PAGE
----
Infinite Sequences

But now, what it we remove the nil termination requirement described above to build an infinite sequence of all the possible Lucas numbers?


c = 0
var infiniteLucas = AnyIterator{luc(n: c+1)}

Converting the original finite sequence we had was easy, and now we have a new sequence that does not have any limit to the number of results it can generate, but it’s also easy to understand that we’ll now need a way to limit the number of elements it generates to be able to traverse the sequence using the usual control flow constructs.

And luckily the Sequence protocol comes to the rescue with one of its methods:


let a4 = Array(infiniteLucas.prefix(10)) //[2, 1, 3, 4, 7, 11, 18, 29, 47, 76]

for var f in infiniteLucas.prefix(10){
    print(f)
}

This way we’ll extract 10 elements from the sequence into a newly created sequence and use it like we were used to from the previous examples.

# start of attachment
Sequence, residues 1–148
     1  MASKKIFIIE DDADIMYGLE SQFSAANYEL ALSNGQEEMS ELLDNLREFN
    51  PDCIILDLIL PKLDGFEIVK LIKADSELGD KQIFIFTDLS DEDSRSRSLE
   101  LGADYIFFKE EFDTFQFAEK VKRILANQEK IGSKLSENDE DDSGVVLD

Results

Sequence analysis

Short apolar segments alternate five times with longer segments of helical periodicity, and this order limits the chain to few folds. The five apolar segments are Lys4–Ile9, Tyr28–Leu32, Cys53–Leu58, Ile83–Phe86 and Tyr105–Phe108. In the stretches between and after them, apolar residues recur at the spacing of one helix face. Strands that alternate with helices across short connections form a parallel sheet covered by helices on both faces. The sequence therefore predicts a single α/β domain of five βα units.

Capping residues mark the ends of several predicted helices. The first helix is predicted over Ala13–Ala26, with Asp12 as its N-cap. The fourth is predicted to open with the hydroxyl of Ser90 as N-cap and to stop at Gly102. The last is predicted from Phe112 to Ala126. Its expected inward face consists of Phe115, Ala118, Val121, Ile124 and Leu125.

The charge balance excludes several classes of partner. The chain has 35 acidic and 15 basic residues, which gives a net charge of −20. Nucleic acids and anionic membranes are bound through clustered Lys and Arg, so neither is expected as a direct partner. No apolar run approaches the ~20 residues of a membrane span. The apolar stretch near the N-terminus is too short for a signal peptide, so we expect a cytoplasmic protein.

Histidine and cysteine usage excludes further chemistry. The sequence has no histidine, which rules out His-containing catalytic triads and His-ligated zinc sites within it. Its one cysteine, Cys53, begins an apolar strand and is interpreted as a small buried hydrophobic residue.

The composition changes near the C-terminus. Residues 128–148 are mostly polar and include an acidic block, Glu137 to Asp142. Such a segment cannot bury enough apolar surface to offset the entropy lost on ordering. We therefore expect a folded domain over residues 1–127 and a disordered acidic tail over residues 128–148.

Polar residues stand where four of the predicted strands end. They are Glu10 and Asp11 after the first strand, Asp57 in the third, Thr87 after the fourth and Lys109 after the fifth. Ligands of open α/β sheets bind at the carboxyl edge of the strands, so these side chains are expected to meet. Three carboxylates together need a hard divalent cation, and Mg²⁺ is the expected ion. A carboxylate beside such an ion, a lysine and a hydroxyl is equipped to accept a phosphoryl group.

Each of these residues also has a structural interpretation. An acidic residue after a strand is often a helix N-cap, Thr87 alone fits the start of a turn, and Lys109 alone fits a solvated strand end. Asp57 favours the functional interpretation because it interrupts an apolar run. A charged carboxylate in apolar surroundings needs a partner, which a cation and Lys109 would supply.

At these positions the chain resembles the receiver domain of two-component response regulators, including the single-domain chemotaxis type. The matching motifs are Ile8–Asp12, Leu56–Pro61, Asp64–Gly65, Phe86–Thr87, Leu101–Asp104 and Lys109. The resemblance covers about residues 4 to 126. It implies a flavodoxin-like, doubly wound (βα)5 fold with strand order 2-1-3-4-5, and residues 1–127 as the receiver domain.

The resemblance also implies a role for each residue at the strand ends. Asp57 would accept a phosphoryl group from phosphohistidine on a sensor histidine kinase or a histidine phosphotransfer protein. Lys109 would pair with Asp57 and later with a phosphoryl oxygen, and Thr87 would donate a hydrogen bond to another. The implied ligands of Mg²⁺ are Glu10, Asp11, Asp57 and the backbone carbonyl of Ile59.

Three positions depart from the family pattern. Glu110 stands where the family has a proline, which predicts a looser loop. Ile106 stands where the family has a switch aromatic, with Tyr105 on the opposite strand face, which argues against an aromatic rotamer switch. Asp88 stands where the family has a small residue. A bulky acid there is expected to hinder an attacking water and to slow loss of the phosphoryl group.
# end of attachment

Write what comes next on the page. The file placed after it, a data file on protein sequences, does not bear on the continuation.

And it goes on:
But let’s go a step further and again apply a filter to our sequence, to obtain a sequence of even Lucas numbers:


var onlyEvenLucas = infiniteLucas.filter({$0 % 2 == 0})
for var f in onlyEvenLucas.prefix(10){
    print(f)
}

Well… this will not work as expected.

Assuming you are using a playground, you’ll see an error where we declared onlyEvenLucas that will highlight that a stack overflow happened. If you wrote that in an application, you’ll see your application likely crashing instead.

The reason why this happens is related to how filter works on normal sequences, as you could already know. When we apply a filter to the original sequence the filtering is carried out instantly and all the elements of the sequence consumed eagerly, but without the terminating nil we have no way to specify when this operation should complete.